By Jelly F. Musico | InterAksyon
MANILA, Philippines -- Senator Ferdinand ‘Bongbong’ Marcos Jr. on Wednesday said nobody from Malacanang has been forcing him to hasten the passage of the Bangsamoro Basic Law (BBL).
"In fairness to everyone, I have friends in the (Aquino) administration but they are not telling me to hurry up. They are just asking me how’s the bill," Marcos said in the weekly Kapihan sa Manila Bay at the Luneta Hotel along Kalaw Street.
Marcos, chairman of the Senate committee on local government, said Senate President Franklin Drilon also discussed with him the BBL “but he also speaks of other bills too.”
Marcos told the reporters that he has been consulting with several lawyers and former military officials on how he can speed up the drafting of the committee report.
”I discussed with them the economic provisions as well as the constitutional issues. Some are clear, some are not,” Marcos said.
He said it would be up to his colleagues in the Senate to decide on the questionable provisions of the Palace-backed bill.
However, Marcos said he is ready to defend the BBL committee report which would be a product of 14 Senate hearings, including five held in Mindanao.
”What we’re trying to do is to find a version that we will be able to approve and present it to the senators and tell them that all constitutional issues that you have brought have been given solution,” Marcos said.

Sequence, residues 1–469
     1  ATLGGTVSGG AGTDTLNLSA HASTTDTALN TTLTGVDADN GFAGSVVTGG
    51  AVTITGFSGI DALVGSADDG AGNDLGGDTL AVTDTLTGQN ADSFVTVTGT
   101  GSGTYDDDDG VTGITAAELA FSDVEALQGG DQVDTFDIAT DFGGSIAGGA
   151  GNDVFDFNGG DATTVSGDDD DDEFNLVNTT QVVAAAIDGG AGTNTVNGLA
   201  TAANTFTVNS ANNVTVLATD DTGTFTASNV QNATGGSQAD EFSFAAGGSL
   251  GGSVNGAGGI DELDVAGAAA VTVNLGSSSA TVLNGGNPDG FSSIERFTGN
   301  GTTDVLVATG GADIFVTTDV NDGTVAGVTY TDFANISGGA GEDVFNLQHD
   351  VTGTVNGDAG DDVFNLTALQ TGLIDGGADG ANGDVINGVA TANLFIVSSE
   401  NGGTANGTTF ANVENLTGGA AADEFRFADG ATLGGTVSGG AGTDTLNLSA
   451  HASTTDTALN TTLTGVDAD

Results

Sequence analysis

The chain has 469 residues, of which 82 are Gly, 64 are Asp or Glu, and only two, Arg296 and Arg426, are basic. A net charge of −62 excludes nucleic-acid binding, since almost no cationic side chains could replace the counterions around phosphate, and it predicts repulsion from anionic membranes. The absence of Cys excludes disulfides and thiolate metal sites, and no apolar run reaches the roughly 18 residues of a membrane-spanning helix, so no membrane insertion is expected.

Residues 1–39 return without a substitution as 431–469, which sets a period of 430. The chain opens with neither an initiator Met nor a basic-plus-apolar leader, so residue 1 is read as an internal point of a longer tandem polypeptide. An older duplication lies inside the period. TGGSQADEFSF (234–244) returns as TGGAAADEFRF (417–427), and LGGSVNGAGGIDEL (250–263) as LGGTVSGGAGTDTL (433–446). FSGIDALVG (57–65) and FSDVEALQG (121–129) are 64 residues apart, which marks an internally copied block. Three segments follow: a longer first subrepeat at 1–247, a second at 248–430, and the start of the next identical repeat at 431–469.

”We have to find a compromise whether or not what I think is ideal and what other senators think is ideal,” he added.
Marcos said part of the committee report is a substitute bill which, he earlier clarified would be still based on the draft BBL submitted by Malacanang to Congress.
While he expressed readiness to defend the BBL, Marcos admitted that the BBL is not the one-time solution to peace problem in Mindanao.
”There will still be fighting between the Moro Islamic Liberation Front and the Bangsamoro Islamic Freedom Fighters. There are still Abu Sayyaf. We have to deal with these other problems,” Marcos said.
Marcos proposed that the BBL should be accompanied with economic development that would encourage the people to give up their guns and have a decent life.
”There should be accompanied economic development in the area because in my mind if you have someone a good prospect for employment and a decent living, shelter, education... that, I think, is critical part of the BBL,” he said.